London

Grenfell judge makes recommendations to prime minister

Grenfell Tower

The judge leading the inquiry into the Grenfell Tower fire has written to the prime minister with recommendations for its terms of reference.

Sir Martin Moore-Bick sent the letter late on Thursday following weeks of discussion with survivors.

There has been controversy over Sir Martin's suitability for the role and the areas the inquiry will cover.

The prime minister will set out the terms of reference for the process in the coming weeks.

Downing Street said: "The prime minister has received the letter and will consider it and respond shortly."

Angered survivors

How far the inquiry can go has been a source of controversy since the Sir Martin's appointment was announced.

He angered survivors on his first day in the job by indicating the investigation would be "pretty well limited" to examining the cause of the fire, how it spread and how to prevent future incidents.

But he later vowed to consider a "broad range of evidence" which could include why residents' warnings about fire safety were allegedly ignored by authorities.

Image copyright PA
Image caption Sir Martin More-Bick was told he didn't have the trust of Grenfell survivors by some people at a meeting last month

Survivors, bereaved families and other involved parties spent weeks making their case about what questions the inquiry should answer.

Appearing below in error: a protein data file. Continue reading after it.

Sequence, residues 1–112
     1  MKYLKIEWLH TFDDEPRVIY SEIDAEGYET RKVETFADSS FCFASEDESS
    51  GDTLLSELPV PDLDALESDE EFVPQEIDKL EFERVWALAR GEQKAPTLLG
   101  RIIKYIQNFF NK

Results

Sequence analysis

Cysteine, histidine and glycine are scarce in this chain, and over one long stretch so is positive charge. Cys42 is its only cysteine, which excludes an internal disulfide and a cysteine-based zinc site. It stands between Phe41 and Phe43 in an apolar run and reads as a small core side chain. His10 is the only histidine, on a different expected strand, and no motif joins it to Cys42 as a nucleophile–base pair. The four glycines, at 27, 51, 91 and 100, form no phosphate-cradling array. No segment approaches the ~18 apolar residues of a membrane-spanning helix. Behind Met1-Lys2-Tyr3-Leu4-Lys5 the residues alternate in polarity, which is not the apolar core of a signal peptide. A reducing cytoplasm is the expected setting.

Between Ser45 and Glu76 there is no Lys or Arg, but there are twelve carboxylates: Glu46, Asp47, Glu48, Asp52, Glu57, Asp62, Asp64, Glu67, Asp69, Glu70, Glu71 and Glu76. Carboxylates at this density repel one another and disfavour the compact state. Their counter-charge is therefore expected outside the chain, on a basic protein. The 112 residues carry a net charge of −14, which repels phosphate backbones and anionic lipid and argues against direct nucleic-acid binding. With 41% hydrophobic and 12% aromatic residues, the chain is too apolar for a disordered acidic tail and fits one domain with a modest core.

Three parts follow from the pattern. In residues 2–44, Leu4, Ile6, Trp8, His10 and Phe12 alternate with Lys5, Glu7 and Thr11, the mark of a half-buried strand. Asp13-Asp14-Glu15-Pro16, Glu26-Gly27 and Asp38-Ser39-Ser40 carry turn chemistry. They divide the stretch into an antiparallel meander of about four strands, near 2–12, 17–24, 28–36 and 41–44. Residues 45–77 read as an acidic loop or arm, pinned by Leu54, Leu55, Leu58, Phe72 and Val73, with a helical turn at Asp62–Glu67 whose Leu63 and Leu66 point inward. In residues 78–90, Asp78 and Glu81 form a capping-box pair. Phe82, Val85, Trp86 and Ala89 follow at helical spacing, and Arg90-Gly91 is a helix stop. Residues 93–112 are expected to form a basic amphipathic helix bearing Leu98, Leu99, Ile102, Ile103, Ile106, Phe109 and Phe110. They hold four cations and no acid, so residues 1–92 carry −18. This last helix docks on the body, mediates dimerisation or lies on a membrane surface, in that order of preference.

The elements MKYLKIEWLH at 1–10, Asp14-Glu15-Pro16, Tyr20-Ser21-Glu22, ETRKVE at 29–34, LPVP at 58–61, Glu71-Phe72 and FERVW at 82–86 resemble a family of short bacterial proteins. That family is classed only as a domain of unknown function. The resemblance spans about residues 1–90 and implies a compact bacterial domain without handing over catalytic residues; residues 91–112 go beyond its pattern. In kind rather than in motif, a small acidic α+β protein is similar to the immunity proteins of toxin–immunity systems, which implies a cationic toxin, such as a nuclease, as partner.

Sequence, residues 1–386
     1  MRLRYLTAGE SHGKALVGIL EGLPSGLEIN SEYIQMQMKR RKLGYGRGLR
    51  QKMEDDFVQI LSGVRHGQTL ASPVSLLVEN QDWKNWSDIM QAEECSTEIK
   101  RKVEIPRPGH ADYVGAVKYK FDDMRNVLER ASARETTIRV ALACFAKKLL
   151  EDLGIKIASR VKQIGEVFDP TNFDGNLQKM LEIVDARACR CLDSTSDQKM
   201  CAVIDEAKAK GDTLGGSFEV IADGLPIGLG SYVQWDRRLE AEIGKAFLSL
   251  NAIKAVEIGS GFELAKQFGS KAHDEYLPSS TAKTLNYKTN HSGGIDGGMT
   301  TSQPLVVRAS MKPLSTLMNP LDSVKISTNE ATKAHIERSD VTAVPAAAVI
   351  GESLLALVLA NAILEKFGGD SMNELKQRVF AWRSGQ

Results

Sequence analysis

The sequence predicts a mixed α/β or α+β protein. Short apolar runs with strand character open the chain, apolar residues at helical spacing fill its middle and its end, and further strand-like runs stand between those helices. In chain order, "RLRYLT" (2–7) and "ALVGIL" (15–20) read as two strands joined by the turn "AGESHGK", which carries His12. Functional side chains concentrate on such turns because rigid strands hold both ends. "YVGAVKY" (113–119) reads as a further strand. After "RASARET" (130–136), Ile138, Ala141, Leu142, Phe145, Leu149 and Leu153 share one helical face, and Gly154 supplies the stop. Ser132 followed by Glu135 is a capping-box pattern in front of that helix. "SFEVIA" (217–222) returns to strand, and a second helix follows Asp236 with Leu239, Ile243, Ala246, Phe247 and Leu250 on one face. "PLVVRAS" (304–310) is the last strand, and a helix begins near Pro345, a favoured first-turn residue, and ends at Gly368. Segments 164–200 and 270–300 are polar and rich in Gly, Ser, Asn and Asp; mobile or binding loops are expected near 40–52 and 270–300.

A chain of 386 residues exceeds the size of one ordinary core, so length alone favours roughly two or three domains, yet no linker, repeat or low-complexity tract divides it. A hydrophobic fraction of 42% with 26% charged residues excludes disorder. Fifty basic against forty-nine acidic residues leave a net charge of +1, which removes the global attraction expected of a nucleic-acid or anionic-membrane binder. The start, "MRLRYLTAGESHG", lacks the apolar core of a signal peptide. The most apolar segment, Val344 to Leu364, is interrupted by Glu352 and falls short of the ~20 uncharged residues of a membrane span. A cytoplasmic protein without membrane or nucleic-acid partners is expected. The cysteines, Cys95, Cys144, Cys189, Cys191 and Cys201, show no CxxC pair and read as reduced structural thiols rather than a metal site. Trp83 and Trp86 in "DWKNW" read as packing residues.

More than 400 submissions were received during the consultation period.

The "Justice 4 Grenfell" campaign said earlier this month it wanted an examination of local and national social housing policy and whether it "increased risks to residents".

Questions were raised in the aftermath of the disaster about the cladding used on Grenfell and other buildings. More than 100 buildings have failed the latest fire safety tests set in the wake of the fire.

Sir Martin has previously faced calls to resign from residents, while Labour MP David Lammy said he was a "white, upper-middle class man" who had "never" visited a tower block housing estate and should not have been appointed.

The inquiry is due to start in September. Sir Martin has previously said an interim report could be produced within a year.

The prime minister will set out the terms of reference for the process in the coming weeks.

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